Let us start by assuming (Yes, when I tell you to assume please just assume. For me? At least till the end of the post? Please?) that for us to achieve our fitness goals (or any goals for that matter) or at least effectively pursue them, we need to start applying the inside out approach*. We must intrinsically change ourselves and the way our body responds to the plethora of stimuli that impact it each and every day.
To be effective, our focus must be on making positive changes in the way we respond to food, cardiorespiratory and load training, sleep, and all the other variables that effect our overall level of fitness. To clarify, we should NOT be focused on directly impacting or dictating the output, but instead, we should be focusing on improving our responses to inputs and this progressive improvement in responsiveness will not only provide us with results more efficiently, but will provide more longevity in our results and better overall health.
Okay cool, but now tell me how I can eat Twinkies and lose fat like the title claims, you might be thinking. Stuffing your face with saturated fats may not be the best thing, but I stand by the fact that you should eat healthier fats in order to lose fat based on the application of the principle of metabolic responsiveness. Our body is an adaptive organism that will change and adjust its secretion of hormones and enzymes based on what you put into it. Eat carbs, the body will decide to utilize them and effectively store them away. Eat proteins, the body will make the decision to break the long chains of proteins into smaller blocks to rebuild muscle tissue. Wait a second…. So if you eat more fats… you guessed it; your body will become more efficient in burning fat!
If you eat less fat, the body will hoard whatever it has and become incredibly ineffective in burning it which is NOT what we want. But be careful. You are not going to lose fat if you start eating avocados and peanut butter all day; you also have to be conscious of your other macronutrients* (Carbohydrates, and protein). We will not get too much into the science, but let’s scratch the surface a bit.
Let’s start with these two chumps that are impacted by carbs and protein: LPL – Lipoprotein Lipase and HSL – Hormone Sensitive Lipase. These chumparoonies decided to make this whole diet thing more complicated than it has to be. So we play out a few scenarios. Let’s start with a diet high in carbohydrates and fat. What happens if you eat a lot of both? Well, the carbohydrates will cause insulin to release which causes body tissue to grow due to the mechanism of action of LPL and HSL. When insulin levels rise, LPL increases in fat cells and decreases in muscle cells; so fat gets sucked into the fat cells, and the muscle cells cannot utilize fat as an energy source. What happens to this fat within the muscle cells? Well, you store the fat for a little later when it needs to be used. HSL, which functions to remove fats from fat cells by breaking triglycerides down into fatty aids also gets shut down by this intake of insulin. Not sure if you followed that, but the conclusion is that a high fat and high carbohydrate diet is no good.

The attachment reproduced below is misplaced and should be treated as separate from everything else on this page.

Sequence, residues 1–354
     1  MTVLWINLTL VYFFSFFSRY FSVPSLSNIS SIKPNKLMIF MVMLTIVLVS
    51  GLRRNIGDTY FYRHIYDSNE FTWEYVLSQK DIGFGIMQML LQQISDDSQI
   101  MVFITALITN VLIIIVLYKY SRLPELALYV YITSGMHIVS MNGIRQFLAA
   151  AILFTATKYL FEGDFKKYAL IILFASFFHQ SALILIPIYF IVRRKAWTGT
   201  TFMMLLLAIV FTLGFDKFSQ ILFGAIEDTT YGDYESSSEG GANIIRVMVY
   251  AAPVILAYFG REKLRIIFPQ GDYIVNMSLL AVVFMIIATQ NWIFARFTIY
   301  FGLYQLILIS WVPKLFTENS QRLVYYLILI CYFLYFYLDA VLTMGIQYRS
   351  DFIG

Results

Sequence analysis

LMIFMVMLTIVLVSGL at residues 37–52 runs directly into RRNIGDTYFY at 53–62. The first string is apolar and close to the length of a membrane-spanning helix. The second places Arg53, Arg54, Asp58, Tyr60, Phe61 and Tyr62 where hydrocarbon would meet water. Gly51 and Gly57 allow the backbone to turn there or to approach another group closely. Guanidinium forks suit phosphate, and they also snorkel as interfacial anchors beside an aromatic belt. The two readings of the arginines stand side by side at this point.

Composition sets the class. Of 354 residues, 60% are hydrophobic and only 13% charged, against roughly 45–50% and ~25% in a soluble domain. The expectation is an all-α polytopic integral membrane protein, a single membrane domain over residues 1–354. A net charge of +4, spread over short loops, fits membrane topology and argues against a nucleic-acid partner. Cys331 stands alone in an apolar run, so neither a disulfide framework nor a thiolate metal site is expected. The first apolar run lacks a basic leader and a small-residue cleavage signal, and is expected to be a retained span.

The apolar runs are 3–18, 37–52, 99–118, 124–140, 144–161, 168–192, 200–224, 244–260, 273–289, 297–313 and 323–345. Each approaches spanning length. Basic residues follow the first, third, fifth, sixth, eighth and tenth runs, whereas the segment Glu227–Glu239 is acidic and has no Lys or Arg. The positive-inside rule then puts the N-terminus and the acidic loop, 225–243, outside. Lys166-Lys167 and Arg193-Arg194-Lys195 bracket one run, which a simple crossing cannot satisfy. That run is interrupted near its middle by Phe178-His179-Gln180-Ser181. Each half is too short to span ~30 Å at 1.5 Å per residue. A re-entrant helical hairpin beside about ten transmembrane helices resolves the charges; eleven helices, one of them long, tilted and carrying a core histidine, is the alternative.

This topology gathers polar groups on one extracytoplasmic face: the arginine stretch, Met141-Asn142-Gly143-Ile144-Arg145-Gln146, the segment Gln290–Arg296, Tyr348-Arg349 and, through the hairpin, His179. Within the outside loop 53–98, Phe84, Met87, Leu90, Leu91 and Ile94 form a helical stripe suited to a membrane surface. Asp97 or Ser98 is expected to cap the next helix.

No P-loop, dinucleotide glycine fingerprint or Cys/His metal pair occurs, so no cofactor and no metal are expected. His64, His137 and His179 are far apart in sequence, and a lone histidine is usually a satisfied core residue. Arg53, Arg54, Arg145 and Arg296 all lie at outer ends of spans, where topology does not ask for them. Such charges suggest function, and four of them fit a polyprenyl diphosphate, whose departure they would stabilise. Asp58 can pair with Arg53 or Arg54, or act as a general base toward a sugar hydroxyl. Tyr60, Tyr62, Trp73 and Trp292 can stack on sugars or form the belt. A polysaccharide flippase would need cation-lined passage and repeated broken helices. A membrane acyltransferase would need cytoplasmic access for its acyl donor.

Ok, so then high proteins and high fats has got to do the magic. Not quite; carbs spike insulin (which is bad), but guess what else does in high quantities; PROTEIN! Proteins are necessary for rebuilding the muscles, and increased muscle tissue means increased resting metabolic rates, which means decreased body fat. So now let’s draw another conclusion – moderate protein is good. You want to consume enough protein to maintain and rebuild the muscles, but not too much where your insulin spikes. So now what about carbs? I heard they were bad? Let’s all chill with that. At times we NEED Carbohydrates. If your carbohydrates remain low for too long, your metabolism will slow and that is a universal fact. Your T3 (Thyroid hormone), which is probably the most effective hormone at burning fat will go down, and that could be catastrophic for fat loss. You absolutely do not want to deplete yourself of them for too long.
So you may be wondering then, what macronutrient ratio is best? There is a lot of debate on this topic, and everyone is impacted by a wide array of factors so the answer to that question is NOT cut and dry. Between the variance from person to person in terms of goals, genetics, differences in supplementation, consumption of alcohol, use of recreational and performance enhancing drugs, sleep, workout intensity and volume, cardiorespiratory training, hormonal levels, etc... I cannot give one definitive answer. However, in my opinion, what seems to work for a large majority of people is a diet high in healthy fats, with moderate levels of protein, and low levels of carbohydrates for most of the week, and one or two days of moderate to above moderate levels of carbohydrates with low fats and proteins remaining moderate.